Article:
But this isn’t the first time the hermit kingdom has wavered on talks with the U.S. In fact, the move is a lot more consistent with North Korea’s diplomatic strategy, according to Andre Schmid, an associate professor in the University of Toronto’s Department of East Asian Studies.
On Wednesday, North Korea called off high-level talks with South Korea, which was the first sign of trouble after months of warming ties. The nation also threw next month’s summit between Kim and Trump into question, saying it may reconsider if Washington insists it unilaterally gives up its nuclear weapons.
WATCH: White House not surprised by North Korea threat to pull out of summit
The warning marks a deep contrast to the past few months, when both sides embraced efforts to negotiate. North Korea had announced it would publicly shut down its nuclear test site and pledged a new “era of peace.”
Just last week, North Korea also released three U.S. prisoners, with Trump calling Kim an “honourable” person.
So is North Korea suddenly changing its diplomatic tone?
Is this a strategy for North Korea?
“I have to say, this is a little bit out of the blue,” Harry Kazianis, a Korea expert at the Center for the National Interest, told CNN.
“The North Korean pattern is to do provocations whether it is tests of missiles or nukes, ask for negotiations then string us along for months and years,” he said. “But this time, they are not even getting to that point. They are already causing problems before we have the negotiation.”
Joshua Pollack, who is with the Middlebury Institute of International Studies in California, said Pyongyang appeared irritated by the U.S. administration’s vow to maintain sanctions in spite of North Korean concessions.
“The North Koreans want a change in tone from the U.S., and at least so far, they’re not hearing one,” he said.
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Schmid agrees. North Korea has always talked about denuclearization, but unilateral disarmament has never been part of the deal, he said.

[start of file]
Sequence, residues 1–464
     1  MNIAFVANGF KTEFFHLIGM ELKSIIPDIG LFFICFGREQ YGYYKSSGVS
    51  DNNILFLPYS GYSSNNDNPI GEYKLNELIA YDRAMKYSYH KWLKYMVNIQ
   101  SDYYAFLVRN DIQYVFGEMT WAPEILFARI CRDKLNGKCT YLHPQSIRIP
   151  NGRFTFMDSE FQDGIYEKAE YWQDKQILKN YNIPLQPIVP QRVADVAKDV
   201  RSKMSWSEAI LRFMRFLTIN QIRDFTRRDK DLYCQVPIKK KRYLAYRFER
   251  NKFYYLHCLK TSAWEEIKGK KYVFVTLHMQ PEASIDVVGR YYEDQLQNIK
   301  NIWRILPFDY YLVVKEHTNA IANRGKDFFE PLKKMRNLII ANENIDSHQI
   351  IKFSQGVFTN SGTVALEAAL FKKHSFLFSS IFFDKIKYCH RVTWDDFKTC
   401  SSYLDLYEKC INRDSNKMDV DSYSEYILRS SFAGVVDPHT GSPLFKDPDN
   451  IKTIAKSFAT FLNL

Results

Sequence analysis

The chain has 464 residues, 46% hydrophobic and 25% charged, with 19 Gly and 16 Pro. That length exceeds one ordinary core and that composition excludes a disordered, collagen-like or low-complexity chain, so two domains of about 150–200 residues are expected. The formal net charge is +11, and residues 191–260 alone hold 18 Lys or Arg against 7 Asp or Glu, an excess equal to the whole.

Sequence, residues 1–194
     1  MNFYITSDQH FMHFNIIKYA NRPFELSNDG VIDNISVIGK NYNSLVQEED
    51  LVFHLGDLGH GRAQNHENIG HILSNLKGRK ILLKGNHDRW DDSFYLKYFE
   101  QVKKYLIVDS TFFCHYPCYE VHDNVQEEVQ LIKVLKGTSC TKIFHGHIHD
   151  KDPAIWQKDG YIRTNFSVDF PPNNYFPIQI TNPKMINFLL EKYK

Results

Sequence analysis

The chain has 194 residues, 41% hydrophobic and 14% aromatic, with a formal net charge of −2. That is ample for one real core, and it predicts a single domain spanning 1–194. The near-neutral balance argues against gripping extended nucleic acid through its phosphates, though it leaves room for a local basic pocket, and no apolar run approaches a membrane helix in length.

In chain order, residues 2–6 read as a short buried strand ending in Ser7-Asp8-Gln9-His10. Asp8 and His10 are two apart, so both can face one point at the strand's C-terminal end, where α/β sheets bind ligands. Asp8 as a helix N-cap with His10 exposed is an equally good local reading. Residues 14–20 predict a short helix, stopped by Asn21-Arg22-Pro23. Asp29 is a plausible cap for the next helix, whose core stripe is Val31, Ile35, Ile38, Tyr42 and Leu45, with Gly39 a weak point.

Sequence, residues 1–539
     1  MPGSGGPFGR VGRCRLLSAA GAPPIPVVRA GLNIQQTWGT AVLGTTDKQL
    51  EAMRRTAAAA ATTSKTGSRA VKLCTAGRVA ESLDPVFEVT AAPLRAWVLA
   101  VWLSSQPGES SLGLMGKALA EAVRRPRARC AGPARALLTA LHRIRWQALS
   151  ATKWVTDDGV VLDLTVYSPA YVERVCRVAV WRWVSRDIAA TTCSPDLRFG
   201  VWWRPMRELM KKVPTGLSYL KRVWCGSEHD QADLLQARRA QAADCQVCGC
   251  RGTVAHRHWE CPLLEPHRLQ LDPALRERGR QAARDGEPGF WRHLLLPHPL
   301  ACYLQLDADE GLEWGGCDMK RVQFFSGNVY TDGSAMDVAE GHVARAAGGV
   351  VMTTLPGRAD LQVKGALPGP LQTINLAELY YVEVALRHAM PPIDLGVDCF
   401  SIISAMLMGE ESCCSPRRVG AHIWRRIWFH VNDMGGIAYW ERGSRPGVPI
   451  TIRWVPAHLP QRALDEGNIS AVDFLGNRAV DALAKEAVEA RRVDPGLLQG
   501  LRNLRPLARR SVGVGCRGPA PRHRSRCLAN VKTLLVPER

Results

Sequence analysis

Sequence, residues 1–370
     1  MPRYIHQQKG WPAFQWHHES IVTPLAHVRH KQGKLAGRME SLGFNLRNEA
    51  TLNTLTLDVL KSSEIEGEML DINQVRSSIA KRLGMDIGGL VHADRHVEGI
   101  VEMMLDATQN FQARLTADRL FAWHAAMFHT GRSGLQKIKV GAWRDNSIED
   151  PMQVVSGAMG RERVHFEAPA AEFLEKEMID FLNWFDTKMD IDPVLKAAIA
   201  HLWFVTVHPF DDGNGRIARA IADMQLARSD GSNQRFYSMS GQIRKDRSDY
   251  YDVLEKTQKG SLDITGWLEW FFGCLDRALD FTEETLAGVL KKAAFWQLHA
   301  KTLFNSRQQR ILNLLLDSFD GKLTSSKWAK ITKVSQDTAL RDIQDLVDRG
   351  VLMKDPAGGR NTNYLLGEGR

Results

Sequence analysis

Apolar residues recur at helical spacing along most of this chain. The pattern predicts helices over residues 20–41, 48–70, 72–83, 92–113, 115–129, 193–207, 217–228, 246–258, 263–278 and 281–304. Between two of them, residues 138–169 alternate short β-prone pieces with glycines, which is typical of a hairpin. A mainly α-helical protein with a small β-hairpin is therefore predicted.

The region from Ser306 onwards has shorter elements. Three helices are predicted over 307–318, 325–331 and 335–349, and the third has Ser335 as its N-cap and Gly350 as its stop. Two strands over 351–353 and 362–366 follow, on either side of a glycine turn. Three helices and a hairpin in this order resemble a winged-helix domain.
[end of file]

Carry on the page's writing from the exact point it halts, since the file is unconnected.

This has happened before
There have been many agreements between the U.S. and North Korea in the past — but they all fell apart because the North refused to follow through on its promises.
In 1994, North Korea and the U.S., under then-president Bill Clinton, signed an “agreed framework” with the goal of freezing and eventually discontinuing Pyongyang’s nuclear program.
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In exchange, North Korea is offered the possibility of normalized relations, fuel oil and help building light-water nuclear reactors. But it still violated the agreement.
In January 2003, North Korea’s Kim Jong Il, father of Kim Jong Un, announces Pyongyang will withdraw from the Non-Proliferation Treaty it had agreed to in 1985. Three months later, North Korea announces it has a nuclear weapon.
In hopes of finding a peaceful resolution to the North’s nuclear ambitions, six-party talks begin in Beijing between North Korea, South Korea, China, the U.S., Russia and Japan.
In 2004-05, as the six-nation talks are held intermittently, North Korea continues missile testing. As would become a pattern, Pyongyang offers to curtail its work in exchange for aid while also citing concerns about hostile action from the U.S.
With the talks in abeyance in 2006, the North steps up its missile testing and accuses the U.S. of being a nuclear menace, drawing a warning from then-president George W. Bush.
WATCH: Aerial photographs appear to show North Korea shuttering its nuclear test facility
In 2007, North Korea promised to shut down its nuclear reaction in exchange for fuel oil. But the country’s pledge to disclose all its nuclear activities by the end of the year goes unfulfilled.
In 2012, North Korea agreed to suspend its nuclear weapons program in return of economic help from the U.S. But the country continued to make strides in its nuclear weapons program, causing the agreement to crumble.
What’s in store for the future?
On Wednesday, Trump said the U.S. hasn’t been notified about North Korea’s threat to cancel his planned summit with Kim on June 12.
But Trump said he’ll still insist on the country’s denuclearization.
Tina Park, executive director of the Canadian Centre for the Responsibility to Protect, said North Korea’s actions are “almost predictable” but it’s also important that all sides (U.S., South Korea and North Korea) make efforts to go ahead with the summit as planned.
“There is more for North Korea to gain to coming to the negotiating table and having a frank conversation about a peace treaty and of a potential withdrawal of U.S. troops out of South Korea,” Park said.
“The root causes of North Korea’s insecurities have to be addressed, and they have to find a common ground,” she added.
— With files from Reuters